I'm interested in seeing this show, largely because I really like Grace McLean. I've looked at both Telecharge and LCT's website, and I can't figure out when tickets go on sale.Does anyone know, or have a general idea?
Thanks for the heads up! I didn't realize this was finally ready for a staged production. I definitely want to check it out.A quick glance at old emails about the Linctix presale doesn't reveal a clear pattern but I'd guess soon? Other shows have started the presale about a month in advance.
This show seems like a must see.
As far as I can see, only LincTix are available at this point.
Thanks all! I was able to get LincTix this morning.I feel so spoiled that I get to see Grace McLean *twice* this year!!!
I'm super intrigued by this one... snagged my ticket for 6/28!
Just snagged a ticket for this through LincTix. It sounds interesting, and I love Grace McLean.
FYI, tickets went on sale yesterday to the general public.
Anyone see this yet? Curious...
I went to the Sunday matinee. I thought 80% of it was brilliant, and the other 20% needed work.If you can't tell from the description, it's a very avant garde, artsy piece..There's a short prologue, and then we see Hildegard locked in the cell with Jutta (Grace MacLean). We are told from the beginning that Hildegard is "broken" for unknown reasons. Hildegard is played by three young women speaking in unison. One holds a puppet representing her eyes, one her hands, and one her mouth. I know the "central figure is portrayed by three actresses" trope has been done a lot recently, but it works well for a character who considers herself broken.The score is gorgeous, the five actresses are really talented (always a joy to see Grace MacLean), and I really liked what it had to say about how women deal with trauma, or how they don't deal with it.What lost me was the last 20 minutes. Hildegard has a breakthrough that's gorgeous to watch. Then the same themes and points get hammered over and over. (It's a shame this part is so overdone, because I loved what the show had to say about acknowledging the bad).After that, the show goes in a completely different direction for the last 10-15 minutes, then ends rather abruptly. I think it's fine that In the Green tries to show that Hildegard is a problematic figure. But these final scenes felt like they were part of a different show. The show is still in previews, so things may change some more. Even with the above complaints, I felt In the Green was well worth my time (especially for the $25 price point). I'd recommend it to people who like artsy, weird shows like Ghost Quartet.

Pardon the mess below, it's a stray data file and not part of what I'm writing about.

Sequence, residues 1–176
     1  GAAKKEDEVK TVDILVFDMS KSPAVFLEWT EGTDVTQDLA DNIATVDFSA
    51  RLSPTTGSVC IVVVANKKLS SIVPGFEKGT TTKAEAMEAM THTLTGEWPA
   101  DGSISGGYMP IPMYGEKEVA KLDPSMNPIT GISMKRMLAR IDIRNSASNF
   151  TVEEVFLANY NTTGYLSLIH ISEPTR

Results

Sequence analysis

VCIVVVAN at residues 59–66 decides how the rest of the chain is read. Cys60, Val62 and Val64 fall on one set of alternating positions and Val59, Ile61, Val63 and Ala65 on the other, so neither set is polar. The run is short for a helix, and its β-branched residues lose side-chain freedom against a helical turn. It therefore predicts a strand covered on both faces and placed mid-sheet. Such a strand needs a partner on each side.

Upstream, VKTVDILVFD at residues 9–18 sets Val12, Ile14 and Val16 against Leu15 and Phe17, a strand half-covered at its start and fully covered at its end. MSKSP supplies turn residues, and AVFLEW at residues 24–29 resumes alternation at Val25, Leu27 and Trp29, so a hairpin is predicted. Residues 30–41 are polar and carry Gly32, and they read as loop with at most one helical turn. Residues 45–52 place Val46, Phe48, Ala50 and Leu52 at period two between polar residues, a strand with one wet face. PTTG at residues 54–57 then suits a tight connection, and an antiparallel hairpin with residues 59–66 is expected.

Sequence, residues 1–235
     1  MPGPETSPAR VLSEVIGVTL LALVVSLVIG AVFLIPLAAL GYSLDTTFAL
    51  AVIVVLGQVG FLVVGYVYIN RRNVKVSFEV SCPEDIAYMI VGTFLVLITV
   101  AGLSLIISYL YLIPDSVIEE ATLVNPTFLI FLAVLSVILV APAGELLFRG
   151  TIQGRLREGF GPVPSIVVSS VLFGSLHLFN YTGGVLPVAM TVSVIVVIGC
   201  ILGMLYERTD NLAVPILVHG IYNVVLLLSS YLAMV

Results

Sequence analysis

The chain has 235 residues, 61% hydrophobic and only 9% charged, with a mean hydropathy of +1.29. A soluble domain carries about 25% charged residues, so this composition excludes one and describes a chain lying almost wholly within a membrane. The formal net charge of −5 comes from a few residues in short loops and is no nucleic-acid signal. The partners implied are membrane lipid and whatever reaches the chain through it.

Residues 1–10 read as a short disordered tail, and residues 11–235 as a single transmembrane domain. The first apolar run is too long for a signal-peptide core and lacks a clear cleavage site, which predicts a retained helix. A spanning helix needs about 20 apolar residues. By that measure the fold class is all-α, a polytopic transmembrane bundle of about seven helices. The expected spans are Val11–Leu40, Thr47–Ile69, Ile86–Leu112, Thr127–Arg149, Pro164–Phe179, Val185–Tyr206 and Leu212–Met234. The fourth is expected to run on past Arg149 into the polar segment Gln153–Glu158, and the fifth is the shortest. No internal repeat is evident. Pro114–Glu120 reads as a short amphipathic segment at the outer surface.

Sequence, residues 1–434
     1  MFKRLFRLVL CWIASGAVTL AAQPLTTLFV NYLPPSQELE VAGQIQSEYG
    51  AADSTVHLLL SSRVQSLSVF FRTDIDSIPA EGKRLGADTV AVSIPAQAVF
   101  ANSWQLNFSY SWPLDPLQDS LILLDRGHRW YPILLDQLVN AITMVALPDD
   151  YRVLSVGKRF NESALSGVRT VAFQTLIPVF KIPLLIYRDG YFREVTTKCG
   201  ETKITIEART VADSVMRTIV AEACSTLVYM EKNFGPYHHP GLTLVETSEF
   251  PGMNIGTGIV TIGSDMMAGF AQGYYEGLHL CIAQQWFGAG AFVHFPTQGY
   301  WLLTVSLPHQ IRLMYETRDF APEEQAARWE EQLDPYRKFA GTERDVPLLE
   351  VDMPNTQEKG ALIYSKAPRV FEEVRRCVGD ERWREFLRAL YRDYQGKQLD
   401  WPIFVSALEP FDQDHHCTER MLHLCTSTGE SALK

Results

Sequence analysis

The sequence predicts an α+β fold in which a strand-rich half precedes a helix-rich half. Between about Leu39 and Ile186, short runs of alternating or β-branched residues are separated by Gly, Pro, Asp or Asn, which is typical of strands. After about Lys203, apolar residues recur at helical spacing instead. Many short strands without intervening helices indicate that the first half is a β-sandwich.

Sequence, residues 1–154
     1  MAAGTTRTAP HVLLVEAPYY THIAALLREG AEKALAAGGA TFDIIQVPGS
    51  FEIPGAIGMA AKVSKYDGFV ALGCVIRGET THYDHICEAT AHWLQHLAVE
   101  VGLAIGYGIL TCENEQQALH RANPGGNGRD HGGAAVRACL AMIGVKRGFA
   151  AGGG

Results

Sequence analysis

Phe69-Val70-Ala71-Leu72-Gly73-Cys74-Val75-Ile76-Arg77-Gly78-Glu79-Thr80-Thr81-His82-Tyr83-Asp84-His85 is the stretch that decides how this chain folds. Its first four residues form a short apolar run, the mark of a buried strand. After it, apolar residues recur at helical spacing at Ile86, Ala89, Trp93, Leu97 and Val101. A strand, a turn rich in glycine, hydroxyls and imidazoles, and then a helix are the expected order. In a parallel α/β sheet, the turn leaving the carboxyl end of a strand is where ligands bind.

I saw the show a week or so ago. I liked the score, the concept, the style, etc. It's definitely the kind of musical theatre I think we should be seeing more of, and I'm glad it's being produced.That said, it didn't totally click with me. The libretto was just a bit too muddled and disjointed for my taste. I almost never say this, but this is a rare case where I actually might have liked it more if it had more of a semi-staged concert feel to it. The literal staging somehow felt wrong for the piece, and it highlighted the flaws in the book rather than counterbalancing them. Still, very glad I went, and glad people like McLean are still out there writing musicals like this. Hope they make an album.
I thought it was really different! +1 to the live looping comment, was so cool to see her do. I also thought the actress who played the "mouth" part of Hildegard was a standout.
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